In Abu Dhabi, Jing Sintos walks her 10-month old chow chow Jack Daniels around the Al Bateen area and he runs amok in Cloud9 Pet Hotel’s open garden.
Areas like The Greens, Meadows, Burj Park and JLT are dog-friendly zones because developers’ communities fall under their jurisdiction, explains Dubai Municipality’s Faisal. ‘It depends on the policy of the developer if dogs can be walked or not.’
Dubai Properties, the developer of Bay Avenue and Marasi boardwalk next to the Dubai Water Canal in Business Bay, did not respond to a request for comment about their policy on dogs. Nakheel told us that ‘pets are generally permitted in Nakheel master communities, subject to the terms set out in our community rules and regulations. These include ensuring pets’ registrations and vaccinations are up to date; keeping dogs on leashes when outside the home and cleaning up after their pets. However, restrictions apply in certain areas.’
Meanwhile, it is also necessary to continue to educate people about how animals can peacefully coexist in our communities and the joys of having pets.
‘People need a place to interact and acclimatise to well-behaved pets. It encourages other people and children to take interest and care for pets,’ Sara explains.
‘Being seen by the whole community to [be responsible owners] means that maybe in the future we will have proved ourselves worthy enough to have the privileges of dog-access beach or a dog park.’
Meet the canine cuties: Courage
Before he was named Courage, this three-year-old chocolate Labrador was called Brownie and belonged to a Pakistani family in Ajman who had to give him up as they were relocating to their home country. Fun fact: Courage loves long walks and is named after the popular 90s cartoon dog, Courage the Cowardly Dog. ‘Courage looks like a big bear to some, but he scares himself easily with silly things,’ his owner Richard says. ‘At his core, he’s a big, goofy, silly boy.’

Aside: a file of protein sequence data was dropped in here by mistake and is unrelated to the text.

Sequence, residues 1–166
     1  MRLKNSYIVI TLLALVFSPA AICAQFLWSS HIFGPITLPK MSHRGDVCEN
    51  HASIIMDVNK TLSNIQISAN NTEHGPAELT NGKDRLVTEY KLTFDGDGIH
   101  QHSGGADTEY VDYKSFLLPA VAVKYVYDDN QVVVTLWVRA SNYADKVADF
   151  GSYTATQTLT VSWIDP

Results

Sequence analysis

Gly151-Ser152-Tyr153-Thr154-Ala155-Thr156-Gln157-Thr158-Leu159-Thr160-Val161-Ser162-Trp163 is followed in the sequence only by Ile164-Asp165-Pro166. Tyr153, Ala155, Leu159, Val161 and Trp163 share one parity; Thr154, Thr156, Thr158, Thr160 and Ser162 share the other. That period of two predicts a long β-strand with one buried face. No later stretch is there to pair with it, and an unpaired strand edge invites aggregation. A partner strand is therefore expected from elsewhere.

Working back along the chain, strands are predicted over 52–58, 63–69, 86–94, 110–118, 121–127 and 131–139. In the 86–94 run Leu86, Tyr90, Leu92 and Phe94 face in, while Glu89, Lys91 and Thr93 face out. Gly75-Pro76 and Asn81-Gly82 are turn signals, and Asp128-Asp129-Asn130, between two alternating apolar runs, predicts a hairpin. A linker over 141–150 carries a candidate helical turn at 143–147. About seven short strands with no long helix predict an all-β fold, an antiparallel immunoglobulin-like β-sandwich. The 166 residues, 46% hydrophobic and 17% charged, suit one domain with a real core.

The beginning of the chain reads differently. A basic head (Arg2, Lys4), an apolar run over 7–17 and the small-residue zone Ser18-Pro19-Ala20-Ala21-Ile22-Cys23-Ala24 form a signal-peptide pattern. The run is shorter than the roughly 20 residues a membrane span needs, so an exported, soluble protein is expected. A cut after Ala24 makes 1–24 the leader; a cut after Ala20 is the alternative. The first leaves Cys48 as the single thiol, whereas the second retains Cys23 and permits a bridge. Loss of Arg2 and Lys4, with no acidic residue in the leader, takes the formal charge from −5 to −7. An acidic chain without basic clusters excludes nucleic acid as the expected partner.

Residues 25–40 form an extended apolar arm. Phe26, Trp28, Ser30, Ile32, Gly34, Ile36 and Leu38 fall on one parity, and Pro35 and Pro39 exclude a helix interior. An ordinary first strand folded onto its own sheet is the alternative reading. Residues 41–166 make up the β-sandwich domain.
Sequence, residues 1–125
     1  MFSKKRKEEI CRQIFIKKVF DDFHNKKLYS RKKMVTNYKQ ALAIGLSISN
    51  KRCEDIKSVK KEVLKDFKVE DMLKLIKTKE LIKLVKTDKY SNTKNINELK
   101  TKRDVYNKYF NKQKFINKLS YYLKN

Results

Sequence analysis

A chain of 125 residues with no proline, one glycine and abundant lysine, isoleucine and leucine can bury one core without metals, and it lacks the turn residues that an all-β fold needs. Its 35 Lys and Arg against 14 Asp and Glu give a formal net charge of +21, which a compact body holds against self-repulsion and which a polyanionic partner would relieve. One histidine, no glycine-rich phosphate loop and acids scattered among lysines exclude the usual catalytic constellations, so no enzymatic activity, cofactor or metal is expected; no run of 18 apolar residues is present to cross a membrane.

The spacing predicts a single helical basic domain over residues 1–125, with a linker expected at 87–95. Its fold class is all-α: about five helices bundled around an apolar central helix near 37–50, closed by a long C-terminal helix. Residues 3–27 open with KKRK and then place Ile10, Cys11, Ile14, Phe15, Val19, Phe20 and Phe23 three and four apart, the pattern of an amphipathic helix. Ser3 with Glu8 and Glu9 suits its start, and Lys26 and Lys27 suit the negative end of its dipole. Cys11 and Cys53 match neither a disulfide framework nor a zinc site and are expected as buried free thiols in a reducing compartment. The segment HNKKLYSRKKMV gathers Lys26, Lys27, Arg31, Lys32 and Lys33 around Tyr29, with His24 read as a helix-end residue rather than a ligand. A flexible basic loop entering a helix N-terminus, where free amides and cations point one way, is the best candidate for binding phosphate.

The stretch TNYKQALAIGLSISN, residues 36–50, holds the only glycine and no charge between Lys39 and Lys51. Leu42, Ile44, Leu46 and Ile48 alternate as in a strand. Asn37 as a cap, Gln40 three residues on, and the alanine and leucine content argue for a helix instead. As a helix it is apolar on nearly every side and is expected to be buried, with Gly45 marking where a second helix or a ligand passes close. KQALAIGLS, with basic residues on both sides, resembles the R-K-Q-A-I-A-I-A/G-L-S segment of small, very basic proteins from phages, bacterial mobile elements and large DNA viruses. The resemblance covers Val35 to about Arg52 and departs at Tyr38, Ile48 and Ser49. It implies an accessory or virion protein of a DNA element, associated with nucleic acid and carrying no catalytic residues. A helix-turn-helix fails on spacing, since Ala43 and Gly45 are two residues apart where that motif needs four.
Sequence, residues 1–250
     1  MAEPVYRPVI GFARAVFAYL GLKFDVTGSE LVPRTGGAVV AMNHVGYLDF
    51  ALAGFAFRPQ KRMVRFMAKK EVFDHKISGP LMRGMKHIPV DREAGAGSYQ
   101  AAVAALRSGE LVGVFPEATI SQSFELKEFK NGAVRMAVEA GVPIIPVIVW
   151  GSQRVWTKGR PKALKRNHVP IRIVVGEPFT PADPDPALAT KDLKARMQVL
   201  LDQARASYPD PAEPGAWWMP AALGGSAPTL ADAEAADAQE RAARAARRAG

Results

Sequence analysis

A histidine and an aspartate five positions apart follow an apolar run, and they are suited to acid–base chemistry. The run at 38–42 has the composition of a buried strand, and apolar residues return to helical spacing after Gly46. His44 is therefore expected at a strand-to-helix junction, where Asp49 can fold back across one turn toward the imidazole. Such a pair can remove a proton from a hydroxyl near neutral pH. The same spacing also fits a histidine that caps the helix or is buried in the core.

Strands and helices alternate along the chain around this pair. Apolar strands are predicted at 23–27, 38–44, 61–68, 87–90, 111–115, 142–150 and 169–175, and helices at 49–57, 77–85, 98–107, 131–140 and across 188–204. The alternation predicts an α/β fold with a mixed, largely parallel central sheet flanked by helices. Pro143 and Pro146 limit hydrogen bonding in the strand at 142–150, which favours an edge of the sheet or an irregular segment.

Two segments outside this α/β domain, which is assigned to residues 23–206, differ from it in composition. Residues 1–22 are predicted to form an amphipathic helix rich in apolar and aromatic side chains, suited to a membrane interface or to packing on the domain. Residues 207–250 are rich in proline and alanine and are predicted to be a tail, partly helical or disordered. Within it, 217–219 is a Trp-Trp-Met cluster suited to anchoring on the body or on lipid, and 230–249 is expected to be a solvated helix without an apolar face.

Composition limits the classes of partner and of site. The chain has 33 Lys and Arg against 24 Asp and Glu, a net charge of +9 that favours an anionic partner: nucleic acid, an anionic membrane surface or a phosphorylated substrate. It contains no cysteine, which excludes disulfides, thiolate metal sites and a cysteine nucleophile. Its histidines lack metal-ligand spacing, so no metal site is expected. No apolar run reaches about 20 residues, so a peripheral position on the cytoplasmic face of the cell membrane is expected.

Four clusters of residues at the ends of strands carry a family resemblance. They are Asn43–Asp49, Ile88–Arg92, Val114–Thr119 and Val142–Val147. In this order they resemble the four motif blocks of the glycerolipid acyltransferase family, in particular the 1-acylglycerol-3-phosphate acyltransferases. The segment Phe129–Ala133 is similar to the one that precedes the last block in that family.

Meet the canine cuties: Oscar
The Matthews family – mum Shalini, dad Rajeev and kids Rashi and Shreyan – waited two long months before this perky pup made his way to them from Slovakia, aged three months. Now one year and six months old, this golden retriever was initially named Cookie. ‘A few days into calling him Cookie we realised it didn’t suit his personality and Oscar sounded much more appropriate for this golden boy in our lives.’ On the grassy stretch around Skydive Dubai and Zero Gravity, dogs can run to their heart’s content.
Meet the canine cuties: Luna
French bulldog Luna is the baby among our doggy models. At just four months old, this pitch-black puppy brings a lot of light and love into owner Lindi’s life. Bought from a pet shop that imported her from Ukraine, Luna was ill and coughing when she made it to the UAE. Multiple vet visits and vaccines later she’s active and happy. Her favourite thing, Lindi says, ‘is to sleep’. Just half an hour of playtime tires her out.
Our top 10 dog-friendly places in the UAE